PENN HILLS, Pa. — Three seniors, one junior and one freshman made up Laurel Highlands starting lineup when they knocked off the only remaining undefeated WPIAL Class-5A team in section play on Friday night on the road against Penn Hills.
With the Mustangs’ four veterans in the starting five, they still looked to the lone underclassman, 6-foot freshman Rodney Gallagher, whenever things started to look shaky.
Penn Hills went on their runs throughout the game, but the Mustangs never cared. As the Indians press caused havoc and caused a few turnovers, Gallagher huddled his team up, led them, and adapted, like all freshmen are supposed to do, right?
You rarely see someone in the ninth grade have the poise to be calm in those situations, let alone have the moxie to then turn around and make big play, after big play in what was perhaps Gallagher’s most important regular-season high school game to date.
Gallagher finished the game with a game-high 21 points.
But he didn’t score on wide open-spot up shots, or easy fast-break lay-ups, either. He hit a floater after breaking down two defenders with his dribble moves, and he made a turnaround 15-footer off the bounce with a defender in his grill – oh, and he also dished out eight assists to his teammates because he wanted to make winning plays.
“We knew we were one of the top teams in 5A,” Gallagher said. “We had a chip on our shoulder to come get this W.”
Gallagher and the Mustangs are currently 10-6 overall and 5-4 (third place) in Section 1 Class 5A. Laurel Highlands’ first meeting against first-place Penn Hills was a 73-71 double-overtime loss in their home building, and they didn’t want to feel what they felt after that game against the same team again.
Laurel Highlands jumped out on the Indians 13-6 on Friday, and Gallagher and his teammates looked like they were on a business trip. Rarely did they celebrate after big plays or overreact when a call didn’t go their way. They chipped away until the final buzzer. Then, they shook hands with Penn Hills and immediately sprinted to the locker room and let out all the screams that they had bottled up inside of them.
This win was significant, not only for the Mustangs’ confidence but for their playoff picture heading down the home stretch. They jumped from fourth place to third after their win and Albert Gallatin’s loss to McKeesport on Friday.
“We just have to keep winning the rest of our games to get a better seed,” Gallagher said. “If we keep performing like we are, I think we are going to make it a long way and make a long run in the playoffs.”
Even though Gallagher is just a freshman, major colleges are already tuned in. He currently has two Division-1 basketball scholarship offers (Illinois and Rhode Island), and even though he prefers hoops right now, Gallagher also picked up a Division-1 football offer this week from William & Mary.
Gallagher says local teams such as Pitt and West Virginia have been in contact with him this season, and the Panthers coaches hope to come to watch him in the playoffs in mid-February.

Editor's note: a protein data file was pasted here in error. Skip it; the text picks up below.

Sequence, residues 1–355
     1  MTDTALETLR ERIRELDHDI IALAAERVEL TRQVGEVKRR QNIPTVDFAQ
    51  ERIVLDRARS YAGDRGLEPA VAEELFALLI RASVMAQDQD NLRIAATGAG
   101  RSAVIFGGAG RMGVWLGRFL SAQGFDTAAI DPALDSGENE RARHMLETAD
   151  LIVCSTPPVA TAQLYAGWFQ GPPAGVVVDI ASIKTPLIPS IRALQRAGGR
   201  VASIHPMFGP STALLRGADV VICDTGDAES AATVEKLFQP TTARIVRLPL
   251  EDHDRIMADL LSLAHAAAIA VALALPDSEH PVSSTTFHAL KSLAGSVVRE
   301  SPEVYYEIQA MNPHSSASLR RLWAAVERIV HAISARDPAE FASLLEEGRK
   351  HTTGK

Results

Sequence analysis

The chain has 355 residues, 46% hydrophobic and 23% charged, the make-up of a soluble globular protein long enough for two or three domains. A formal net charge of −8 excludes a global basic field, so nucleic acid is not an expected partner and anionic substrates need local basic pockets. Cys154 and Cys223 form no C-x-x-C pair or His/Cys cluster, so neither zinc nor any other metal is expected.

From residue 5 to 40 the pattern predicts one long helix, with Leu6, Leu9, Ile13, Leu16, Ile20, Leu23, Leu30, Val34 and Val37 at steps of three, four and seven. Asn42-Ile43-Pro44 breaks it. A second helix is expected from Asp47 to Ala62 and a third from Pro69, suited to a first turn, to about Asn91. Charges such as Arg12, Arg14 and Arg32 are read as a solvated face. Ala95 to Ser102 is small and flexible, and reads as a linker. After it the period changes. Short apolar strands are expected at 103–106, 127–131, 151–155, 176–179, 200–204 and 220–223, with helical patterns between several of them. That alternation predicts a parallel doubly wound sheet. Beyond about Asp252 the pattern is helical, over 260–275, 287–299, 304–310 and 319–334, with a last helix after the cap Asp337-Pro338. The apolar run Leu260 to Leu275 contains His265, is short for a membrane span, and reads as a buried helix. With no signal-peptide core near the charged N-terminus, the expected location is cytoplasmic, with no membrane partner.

It’s well documented that Gallagher received a ton of the hype that is around him because of playing with Bronny James [LeBron’s oldest son] the last few summers on the same AAU team.
But instead of moving to a different state to play against top-tier high school teams from around the country, or taking his talents to a prep school was never really a thought for Gallagher. He wanted to stay home and try to do something special at Laurel Highlands.
He also ‘played up’ last summer in the 15U Adidas Gauntlet and felt like that experience has only made life as a freshman playing basketball in the WPIAL, not such a daunting task.
“That helped me a lot last year,” Gallagher said about AAU. “I played against bigger kids and much better competition. So, coming out here and playing the older kids, to me, is kind of easier because I already got the experience,”
Not only can the kid play, but he has the drive to be great.
“I’m just going to keep working and doing what I’m doing,” he said.
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He has some flaws, like any 15-year-old basketball player, but the big ones are out of his control right now. Gallagher is just 6-foot tall and weighs about 150 pounds. He’s hopeful for a growth spurt and has three and a half more years for that to happen, because it’s not hurting him at the high school level one bit.
Besides that, his forte is attacking the hoop. But he alluded to the fact that he is continuously working on becoming a more consistent shooter, even though on Friday his jumper looked just fine.
“Keep working on my three-ball,” Gallagher said on what he wants to improve on. “Hopefully, [I’ll] get taller and just keep working and see where I get after that.”
Gallagher has the unique ability to stay low to the ground on both ends of the floor. It seems like anymore; young players like to have more of a loose and upright handle. He uses his quickness well and can explode with the ball off of multiple dribble moves.
In the game against Penn Hills, he never took plays off on the defensive end. His on-ball defense is stellar and always is laser-focused on the ball. He used his quick feet and hands to poke multiple balls loose and had three steals. He plays defensive back and wide receiver for Laurel Highlands varsity football team, and it shows on the hardwood.
He likes creating his own shot and going one-on-one in the half-court, but when a double-team comes, he trusts in making the right basketball play.